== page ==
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Report: U.S. Loses Out on Royalties from Drilling on Public Land

PHOTO: Oil and gas developers don't have to pay royalties on fuel they extract from public lands, including national forests. A new report says that fuel was worth $380 million. Photo by Greg Stotelmyer.
PHOTO: Oil and gas developers don't have to pay royalties on fuel they extract from public lands, including national forests. A new report says that fuel was worth $380 million. Photo by Greg Stotelmyer.
December 12, 2014

BEREA, Ky. - Oil and gas developers are getting a sweet deal for their projects on public land, according to a new report that says taxpayers are losing out as a result.

The group Taxpayers for Common Sense claims the government isn't collecting sufficient royalties because current rules don't charge energy companies for the gas they use at drilling sites or for what is lost through the burn-off process known as flaring.

Ryan Alexander, who heads the watchdog group, said Kentucky's "lost" fuel is almost 2 percent - but in other states, it's much more.

"California was another state where there was really a high percent of gas that was extracted (and) not brought to market," she said. "Seventeen percent of the gas in this eight-year period that was extracted was either used or flared or vented into the atmosphere, and I think that's really troubling numbers."

According to the report, called "Burning Money," from 2006 through 2013, oil and gas companies drilling on federal land either wasted or used gas for free that was worth $380 million. The report recommends updating the rules on royalty payment exceptions that were made in the 1940s.

Jim Scheff, director of the environmental group Kentucky Heartwood, said it's more complicated in Kentucky because the federal government only owns 40 percent of the subsurface mineral rights on the Daniel Boone National Forest. Since the rest is privately owned, Scheff said, the government doesn't have a good handle on the extent of oil and gas development in the forest, which covers 708,000 acres from northeast Kentucky south to the Tennessee border.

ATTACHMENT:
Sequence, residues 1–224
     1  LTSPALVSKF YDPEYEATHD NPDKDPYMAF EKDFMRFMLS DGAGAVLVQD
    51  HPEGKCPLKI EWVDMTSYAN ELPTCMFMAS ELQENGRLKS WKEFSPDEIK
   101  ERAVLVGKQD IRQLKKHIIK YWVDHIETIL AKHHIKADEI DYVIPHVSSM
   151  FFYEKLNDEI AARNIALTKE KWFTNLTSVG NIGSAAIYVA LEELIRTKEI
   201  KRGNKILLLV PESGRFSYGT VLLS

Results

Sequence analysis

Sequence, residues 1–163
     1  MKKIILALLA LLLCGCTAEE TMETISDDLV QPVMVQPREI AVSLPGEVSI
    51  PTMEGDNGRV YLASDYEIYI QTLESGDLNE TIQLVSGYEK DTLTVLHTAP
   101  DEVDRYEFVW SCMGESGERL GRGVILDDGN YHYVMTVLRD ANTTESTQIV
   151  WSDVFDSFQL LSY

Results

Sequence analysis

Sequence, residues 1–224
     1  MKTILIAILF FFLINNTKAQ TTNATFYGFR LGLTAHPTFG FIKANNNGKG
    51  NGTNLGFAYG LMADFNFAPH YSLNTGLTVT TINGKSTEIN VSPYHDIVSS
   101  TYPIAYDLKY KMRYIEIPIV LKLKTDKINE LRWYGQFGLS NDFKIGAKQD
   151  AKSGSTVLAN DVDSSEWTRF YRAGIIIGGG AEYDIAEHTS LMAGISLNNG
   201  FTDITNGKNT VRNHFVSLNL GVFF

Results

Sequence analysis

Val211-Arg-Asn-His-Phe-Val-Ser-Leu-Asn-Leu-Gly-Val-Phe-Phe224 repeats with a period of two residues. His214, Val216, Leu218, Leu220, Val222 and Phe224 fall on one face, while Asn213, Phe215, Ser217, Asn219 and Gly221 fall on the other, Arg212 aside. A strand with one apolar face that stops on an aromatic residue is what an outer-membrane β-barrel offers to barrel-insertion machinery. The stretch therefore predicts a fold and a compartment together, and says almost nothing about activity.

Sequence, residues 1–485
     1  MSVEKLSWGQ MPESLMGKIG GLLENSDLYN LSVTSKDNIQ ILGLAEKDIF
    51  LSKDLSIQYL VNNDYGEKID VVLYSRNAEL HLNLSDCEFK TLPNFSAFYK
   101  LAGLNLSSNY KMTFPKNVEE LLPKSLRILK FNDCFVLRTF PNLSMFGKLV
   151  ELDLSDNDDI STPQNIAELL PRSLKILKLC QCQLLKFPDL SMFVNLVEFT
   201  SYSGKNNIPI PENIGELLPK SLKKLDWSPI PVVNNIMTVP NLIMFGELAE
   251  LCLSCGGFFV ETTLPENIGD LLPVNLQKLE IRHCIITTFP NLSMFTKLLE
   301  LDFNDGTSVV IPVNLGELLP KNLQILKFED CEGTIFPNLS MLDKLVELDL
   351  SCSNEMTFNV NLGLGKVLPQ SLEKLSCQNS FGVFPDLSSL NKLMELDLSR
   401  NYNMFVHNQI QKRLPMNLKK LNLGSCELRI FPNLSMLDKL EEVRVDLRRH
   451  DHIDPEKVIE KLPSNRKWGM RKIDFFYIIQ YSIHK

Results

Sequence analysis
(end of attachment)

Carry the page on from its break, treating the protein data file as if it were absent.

"They have a pretty good handle on the amount of federal minerals that have been leased," he said, "but when it comes to the private oil and gas, they really don't know how many wells there are, how many active or abandoned wells."

Scheff said the Forest Service also "has no idea" how many miles of access roads there are.

It's known as "beneficial use" when an energy company powers its own equipment with fuel produced at a well site, and when gas is leaked or flared, it's termed "unavoidably lost." But during the study period, Alexander said, the total amount of gas that operators said they sold decreased by 26 percent - while their "unavoidable losses" increased by 23 percent.

"I think the idea of 'avoidably' or 'unavoidably' lost is a flawed concept," Alexander said. "I think we really need to be thinking about reducing as much waste as possible, and making sure that the taxpayers are being paid for every single ounce of gas that's coming out of public lands."

She added that many people don't realize that royalties are among the biggest sources of revenue for the federal government, after taxes. But, according to Scheff, because most of the mineral rights on the Daniel Boone National Forest are private, the feds have oil and gas leases on only 62,000 acres, or about one-tenth of the public land.

The report is online at taxpayer.net.

Greg Stotelmyer , Public News Service - KY